By: Scott Stein, VP of Client Services, Leonard & Finco Public Relations
Imagine the shock last week when I learned that the AP Stylebook was changing its approach to “over” and “more than.” After decades of teaching that “over” generally refers to spatial relationships and “more than” was preferred with items that could be counted, the Associated Press announced that they could now be interchanged. Apparently it’s become common for people to say the cost of the jacket was “over” $60 or that the Packers scored “over” 35 points that the AP was giving up the fight.
Of course, that doesn’t mean I have to give up the fight. I made it clear this week while proofreading something in the office that I will continue to suggest changing “over” to “more than” when dealing with numbers.
You see, I’m a traditionalist in many ways. Yes, I went along with the AP Stylebook when the change was made from two spaces after the period at the end of a sentence to just one space after the period. I was also OK with changing Web site to website. I’m even OK with some of the new words that have been added like SnapChat, emoji and selfie (not that you’ll ever hear me use the word selfie outside of this blog).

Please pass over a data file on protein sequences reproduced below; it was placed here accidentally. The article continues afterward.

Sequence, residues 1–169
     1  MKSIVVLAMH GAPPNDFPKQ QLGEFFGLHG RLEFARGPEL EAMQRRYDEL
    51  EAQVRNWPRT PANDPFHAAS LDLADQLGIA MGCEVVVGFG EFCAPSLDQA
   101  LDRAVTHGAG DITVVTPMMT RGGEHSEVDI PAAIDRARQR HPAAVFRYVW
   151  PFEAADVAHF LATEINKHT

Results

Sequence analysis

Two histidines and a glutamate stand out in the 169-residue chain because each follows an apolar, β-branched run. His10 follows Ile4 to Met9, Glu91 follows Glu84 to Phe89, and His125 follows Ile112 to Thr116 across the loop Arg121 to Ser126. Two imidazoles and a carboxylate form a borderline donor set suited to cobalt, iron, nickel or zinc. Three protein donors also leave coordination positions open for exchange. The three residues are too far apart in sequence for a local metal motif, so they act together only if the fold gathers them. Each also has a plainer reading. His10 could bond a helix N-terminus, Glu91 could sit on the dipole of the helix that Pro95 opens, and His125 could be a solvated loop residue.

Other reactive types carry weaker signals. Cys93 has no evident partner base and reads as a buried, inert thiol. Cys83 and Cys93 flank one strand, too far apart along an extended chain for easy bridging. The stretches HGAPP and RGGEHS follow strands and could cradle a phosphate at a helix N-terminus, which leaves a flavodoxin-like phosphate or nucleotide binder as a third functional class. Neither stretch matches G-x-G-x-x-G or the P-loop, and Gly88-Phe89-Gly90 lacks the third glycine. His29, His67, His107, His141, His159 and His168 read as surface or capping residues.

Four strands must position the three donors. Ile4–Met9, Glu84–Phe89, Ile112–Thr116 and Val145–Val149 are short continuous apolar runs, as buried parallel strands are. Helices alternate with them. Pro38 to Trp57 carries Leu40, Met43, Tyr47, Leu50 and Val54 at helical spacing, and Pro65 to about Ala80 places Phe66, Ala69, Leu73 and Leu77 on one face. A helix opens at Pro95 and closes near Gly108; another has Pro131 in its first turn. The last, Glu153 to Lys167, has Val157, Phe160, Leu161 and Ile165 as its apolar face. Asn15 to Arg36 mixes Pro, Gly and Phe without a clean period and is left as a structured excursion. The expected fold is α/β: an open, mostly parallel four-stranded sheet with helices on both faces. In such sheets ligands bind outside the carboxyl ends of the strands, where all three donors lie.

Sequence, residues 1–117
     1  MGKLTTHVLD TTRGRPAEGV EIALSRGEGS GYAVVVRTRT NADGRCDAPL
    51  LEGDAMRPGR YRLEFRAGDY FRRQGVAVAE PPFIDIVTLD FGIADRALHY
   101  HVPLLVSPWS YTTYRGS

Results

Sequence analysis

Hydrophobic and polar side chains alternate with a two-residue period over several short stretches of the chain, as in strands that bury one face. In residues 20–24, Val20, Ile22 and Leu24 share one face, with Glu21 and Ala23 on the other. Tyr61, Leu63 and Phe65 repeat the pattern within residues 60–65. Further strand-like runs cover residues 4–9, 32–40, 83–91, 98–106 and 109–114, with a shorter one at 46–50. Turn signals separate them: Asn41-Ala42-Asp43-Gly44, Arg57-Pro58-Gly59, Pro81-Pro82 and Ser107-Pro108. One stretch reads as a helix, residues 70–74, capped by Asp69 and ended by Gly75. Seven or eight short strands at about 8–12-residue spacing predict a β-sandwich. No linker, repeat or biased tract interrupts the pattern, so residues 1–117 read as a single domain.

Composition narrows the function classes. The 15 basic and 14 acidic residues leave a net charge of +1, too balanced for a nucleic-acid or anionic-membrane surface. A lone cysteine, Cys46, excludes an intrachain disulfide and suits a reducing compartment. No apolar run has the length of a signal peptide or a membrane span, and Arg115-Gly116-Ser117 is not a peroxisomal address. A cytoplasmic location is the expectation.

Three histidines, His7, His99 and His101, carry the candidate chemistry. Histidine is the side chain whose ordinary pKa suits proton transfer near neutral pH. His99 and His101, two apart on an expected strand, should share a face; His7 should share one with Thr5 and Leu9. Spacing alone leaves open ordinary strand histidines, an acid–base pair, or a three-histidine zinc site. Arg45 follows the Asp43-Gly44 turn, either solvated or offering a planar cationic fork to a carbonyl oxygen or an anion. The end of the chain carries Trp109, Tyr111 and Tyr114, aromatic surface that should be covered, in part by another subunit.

But making “more than” and “over” interchangeable is like instituting the DH in baseball – you can try, but you won’t be able to convince me that this is a good change.
So this morning as I checked out Facebook I saw this…“On March 26, Summerfest announced over 75 headliners!” While I didn’t cry out loud like I might have a week ago, I did still cringe. Maybe this is just something that only bothers old reporters like me who still spend more time reading the AP Stylebook than any bestsellers.
What do you think? Should “over” and “more than” be interchangeable? Will you still yell at the TV when someone says “over $2million?”